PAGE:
Skip to main content

Free Content Evaluating Causes of Transplant Stress in Fragments of Acropora Palmata Used for Coral Reef Restoration

Download Article:
(PDF 2028.802734375 kb)
Coral transplanting is an increasingly common approach for the restoration of degraded coral reefs. The success of this approach depends on the level of stress induced by collecting and transporting coral fragments to the restoration site, and on the possible cost of acclimation to conditions at the restoration site (transplant shock). Storm-generated fragments of Acropora palmata (Lamarck, 1812) from two source populations were transplanted to a common restoration site in the british virgin islands. We tested for transplant shock in 2010 by comparing the extent of bleaching, and the extent and cause of tissue loss, in three groups of corals: (1) new transplants, (2) non-transplants that were reattached at the source sites, and (3) established transplants that had been transplanted to the restoration site 2 yrs previously. After 2 wks, new transplants displayed greater tissue loss (percent of tissue recently dead) and bleaching (percent of tissue bleached) than both other groups. New transplants were affected by disease (white syndrome) more frequently than non-transplants or established transplants. Transplant-induced bleaching caused a slight reduction in growth and survival after 3 mo, but no carry-over effects were detectable after 1 yr, perhaps due to the impact of a hurricane that caused substantial mortality of all corals. Because transplanting induced bleaching and symptoms of white syndrome, our results indicate that transplanted corals should be carefully handled and monitored for symptoms of disease.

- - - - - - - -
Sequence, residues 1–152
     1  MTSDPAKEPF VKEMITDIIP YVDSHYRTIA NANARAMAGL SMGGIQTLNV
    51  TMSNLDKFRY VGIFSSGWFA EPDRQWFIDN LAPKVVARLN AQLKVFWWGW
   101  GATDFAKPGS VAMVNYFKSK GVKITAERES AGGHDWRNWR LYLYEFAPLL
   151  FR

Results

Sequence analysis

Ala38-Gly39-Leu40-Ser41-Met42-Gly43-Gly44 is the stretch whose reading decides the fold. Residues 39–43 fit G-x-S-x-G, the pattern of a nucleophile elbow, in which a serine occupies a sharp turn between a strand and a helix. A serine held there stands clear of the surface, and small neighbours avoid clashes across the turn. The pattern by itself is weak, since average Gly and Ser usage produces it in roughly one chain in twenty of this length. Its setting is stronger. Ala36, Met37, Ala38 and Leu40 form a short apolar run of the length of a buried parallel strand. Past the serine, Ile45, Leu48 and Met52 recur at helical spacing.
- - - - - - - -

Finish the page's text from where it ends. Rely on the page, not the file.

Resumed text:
23 References.

No Supplementary Data.
No Data/Media
No Metrics

Document Type: Research Article

Publication date: 2012-10-01

More about this publication?
  • The Bulletin of Marine Science is dedicated to the dissemination of high quality research from the world's oceans. All aspects of marine science are treated by the Bulletin of Marine Science, including papers in marine biology, biological oceanography, fisheries, marine affairs, applied marine physics, marine geology and geophysics, marine and atmospheric chemistry, and meteorology and physical oceanography.
  • Editorial Board
  • Information for Authors
  • Subscribe to this Title
  • Terms & Conditions
  • Ingenta Connect is not responsible for the content or availability of external websites
  • Access Key
  • Free content
  • Partial Free content
  • New content
  • Open access content
  • Partial Open access content
  • Subscribed content
  • Partial Subscribed content
  • Free trial content
Cookie Policy
Cookie Policy
Ingenta Connect website makes use of cookies so as to keep track of data that you have filled in. I am Happy with this Find out more